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The "JavaScript Intro" Lesson is part of the full, Complete Intro to Web Development, v3 course featured in this preview video. Here's what you'd learn in this lesson:

Brian provides some encouraging words regarding the JavaScript portion of the course and discusses that "code is communication." Well thought out, documented, and laid out code will make it easier to understand and maintain in the future.


Transcript from the "JavaScript Intro" Lesson

>> I'm gonna say now that this course gets significantly harder from this point forward. I apologize. I frequently got the feedback in the first time that I did this, that the first parts people felt really good about themselves. They were getting everything, and then they hit the JavaScript portion, they hit the wall.

We're gonna go slow, but the other thing I'm gonna tell you is, this is just harder, right? There's more stuff going on here. This is the more difficult portion of this for someone that hasn't programmed before. If you've programmed before, a lot of this will look somewhat familiar.

But again, remember this course is geared towards people that haven't programmed before. So, bear with me through the basics here and hopefully you'll learn tidbits about programming that you didn't know before. I promise you there's stuff in here that will help everybody. Okay, So, What is code? And I think my answer might surprise a lot of people.

People think it's something that humans work really hard on so that computers will do the thing that you tell them to do. Partial definition, I think is correct. But I'm gonna argue the code is for humans first and computers second. And the reason why I say that is you write code so that later you can go back and maintain that code.

If we were writing code purely for computers, you and I would be both writing Assembly right now. Or directly to binary, because that will make it go faster, guaranteed, right? JavaScript has a lot of overhead just in terms of it's a very high level language. There's a lot of layers to get JavaScript to work, so why do we choose to write JavaScript instead of C or Assembly?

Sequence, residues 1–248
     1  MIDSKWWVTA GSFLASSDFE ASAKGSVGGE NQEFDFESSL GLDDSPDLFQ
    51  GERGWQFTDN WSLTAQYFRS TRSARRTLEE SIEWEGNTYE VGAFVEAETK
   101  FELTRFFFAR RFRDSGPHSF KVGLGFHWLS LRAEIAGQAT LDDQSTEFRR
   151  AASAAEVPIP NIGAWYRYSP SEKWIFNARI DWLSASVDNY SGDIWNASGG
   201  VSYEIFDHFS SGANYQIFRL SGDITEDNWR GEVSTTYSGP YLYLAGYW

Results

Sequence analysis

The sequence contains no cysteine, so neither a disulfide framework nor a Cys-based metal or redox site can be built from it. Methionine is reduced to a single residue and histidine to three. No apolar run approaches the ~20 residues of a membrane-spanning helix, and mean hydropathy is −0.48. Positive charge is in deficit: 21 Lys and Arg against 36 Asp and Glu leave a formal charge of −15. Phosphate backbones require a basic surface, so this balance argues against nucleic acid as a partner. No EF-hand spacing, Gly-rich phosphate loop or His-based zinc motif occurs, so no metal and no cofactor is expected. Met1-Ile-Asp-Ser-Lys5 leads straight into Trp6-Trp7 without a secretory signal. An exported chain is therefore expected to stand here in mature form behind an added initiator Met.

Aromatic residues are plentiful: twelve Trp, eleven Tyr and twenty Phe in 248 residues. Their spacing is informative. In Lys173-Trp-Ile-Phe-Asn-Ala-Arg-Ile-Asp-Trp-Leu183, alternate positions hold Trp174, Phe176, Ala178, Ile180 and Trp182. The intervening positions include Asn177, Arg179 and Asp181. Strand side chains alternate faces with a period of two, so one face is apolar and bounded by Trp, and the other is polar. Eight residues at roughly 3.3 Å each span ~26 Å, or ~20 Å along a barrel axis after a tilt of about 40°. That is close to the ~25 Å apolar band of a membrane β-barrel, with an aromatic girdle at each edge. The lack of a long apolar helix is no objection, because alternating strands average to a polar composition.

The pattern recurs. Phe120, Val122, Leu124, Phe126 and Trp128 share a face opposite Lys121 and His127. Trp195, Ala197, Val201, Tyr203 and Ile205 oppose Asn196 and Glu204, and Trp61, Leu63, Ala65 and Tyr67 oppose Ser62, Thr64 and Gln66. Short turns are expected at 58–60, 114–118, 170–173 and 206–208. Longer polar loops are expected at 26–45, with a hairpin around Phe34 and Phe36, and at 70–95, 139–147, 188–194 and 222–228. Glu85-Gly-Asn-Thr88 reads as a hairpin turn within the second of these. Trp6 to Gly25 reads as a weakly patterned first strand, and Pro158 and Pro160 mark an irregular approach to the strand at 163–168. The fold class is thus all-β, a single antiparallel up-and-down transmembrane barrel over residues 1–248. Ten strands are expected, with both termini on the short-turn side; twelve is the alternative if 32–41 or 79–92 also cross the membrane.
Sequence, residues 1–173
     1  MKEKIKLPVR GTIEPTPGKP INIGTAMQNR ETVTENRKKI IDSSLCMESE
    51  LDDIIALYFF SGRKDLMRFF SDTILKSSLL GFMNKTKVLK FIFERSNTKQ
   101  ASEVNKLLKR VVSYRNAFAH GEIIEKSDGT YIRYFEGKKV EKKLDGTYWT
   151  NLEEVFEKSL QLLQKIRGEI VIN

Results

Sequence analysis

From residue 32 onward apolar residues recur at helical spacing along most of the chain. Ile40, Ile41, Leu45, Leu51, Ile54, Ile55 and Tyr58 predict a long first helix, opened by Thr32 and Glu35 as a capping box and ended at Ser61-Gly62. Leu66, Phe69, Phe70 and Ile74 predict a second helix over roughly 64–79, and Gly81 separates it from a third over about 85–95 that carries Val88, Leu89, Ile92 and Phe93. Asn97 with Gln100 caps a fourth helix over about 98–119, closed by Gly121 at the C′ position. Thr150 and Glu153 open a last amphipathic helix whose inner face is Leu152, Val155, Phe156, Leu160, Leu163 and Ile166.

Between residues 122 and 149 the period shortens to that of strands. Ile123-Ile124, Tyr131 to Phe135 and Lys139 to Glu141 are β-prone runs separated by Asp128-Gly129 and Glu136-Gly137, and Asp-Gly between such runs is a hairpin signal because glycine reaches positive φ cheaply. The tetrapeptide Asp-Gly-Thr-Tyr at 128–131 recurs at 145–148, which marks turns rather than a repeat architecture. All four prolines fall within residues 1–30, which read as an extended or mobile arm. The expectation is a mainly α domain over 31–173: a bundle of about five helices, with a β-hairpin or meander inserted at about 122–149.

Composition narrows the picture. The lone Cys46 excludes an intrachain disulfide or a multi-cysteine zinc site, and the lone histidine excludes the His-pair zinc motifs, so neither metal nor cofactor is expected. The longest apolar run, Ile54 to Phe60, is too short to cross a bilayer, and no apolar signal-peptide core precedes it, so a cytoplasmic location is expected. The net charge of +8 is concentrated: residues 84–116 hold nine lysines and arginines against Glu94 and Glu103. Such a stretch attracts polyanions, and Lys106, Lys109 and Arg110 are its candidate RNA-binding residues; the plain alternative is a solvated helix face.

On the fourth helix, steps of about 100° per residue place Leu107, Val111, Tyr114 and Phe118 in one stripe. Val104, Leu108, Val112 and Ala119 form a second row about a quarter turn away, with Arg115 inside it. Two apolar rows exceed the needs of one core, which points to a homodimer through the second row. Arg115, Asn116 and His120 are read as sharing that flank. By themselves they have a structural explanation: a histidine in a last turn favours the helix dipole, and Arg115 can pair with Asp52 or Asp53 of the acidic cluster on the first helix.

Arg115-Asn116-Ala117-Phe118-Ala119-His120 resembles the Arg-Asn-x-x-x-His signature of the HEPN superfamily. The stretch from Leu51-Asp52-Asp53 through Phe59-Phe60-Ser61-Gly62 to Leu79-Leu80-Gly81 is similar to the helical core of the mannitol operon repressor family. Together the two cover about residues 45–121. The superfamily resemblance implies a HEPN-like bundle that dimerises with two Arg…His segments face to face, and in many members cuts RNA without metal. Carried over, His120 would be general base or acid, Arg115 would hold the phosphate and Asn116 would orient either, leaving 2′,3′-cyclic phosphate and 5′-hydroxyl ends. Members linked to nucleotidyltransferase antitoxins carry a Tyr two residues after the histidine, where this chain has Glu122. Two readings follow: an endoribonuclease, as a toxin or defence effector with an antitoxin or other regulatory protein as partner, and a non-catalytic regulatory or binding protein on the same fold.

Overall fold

It's because it's easier for humans to understand and maintain and continue forward with. So I want you to keep that in mind when you're writing code, that you're writing this so that someone later can read it. You're not writing it so that your program will work correctly, necessarily, you're doing that as well.

But you're writing it so that you can come back and understand what you were thinking, understand what you were trying to do, and then if there's a bug in there be able to fix it. So another way I like thinking about this, which I put here in my notes, is you're essentially writing notes to yourself about how to solve a problem that a computer can understand.

That's how I view code. Why is this an important distinction? Because we're really tempted to write the most clever code possible, right? Have you ever heard of what's called code golf? It's basically people try and write code that it's the smallest thing possible to solve some problem. So you've seen people that can write full video games in three kilobytes of JavaScript.

It's just bonkers, some of the things that people do with code. Just Google it, code golf, there's some wild things out there. And the code that they have to do to be able to achieve that is so clever. It's unreadably clever. Don't do that, [LAUGH] unless you're doing code golf, you don't want your code to be clever.

You want your code to be clear, succinct, to the point, all these kinds of things. Yeah, I've had to maintain code that's 10 years old, 15 years old, 20 years old, and the code that's really well written, makes it feel really nice to try and maintain that code.

Even if it's using really old style and techniques and stuff like that, if it's well documented and well thought out and clearly laid out, it's no problem. But then I had to maintain this just bananas PHP for in-memory graph database that someone invented. And it was just written in just the most opaque, weird style of writing code.

They used single letter variables and a bunch of stuff like that. It was like a nightmare. One of the worst parts of my career is trying to maintain this person's really old, terrible code. So, all this is, I will probably be your coworker some day. This is my plea to you to write clear code so that we can both understand it.

Okay, be explicit. It's okay to write more code to be more explicit. Computers are really fast these days. So for the most part, you can take a little bit of performance hit to be extra clear on things, optimized for humans first and computers later. Okay, that's my spiel to you, I start with that because I want you to take that ethos with you of, I'm gonna write clear code that I can understand.

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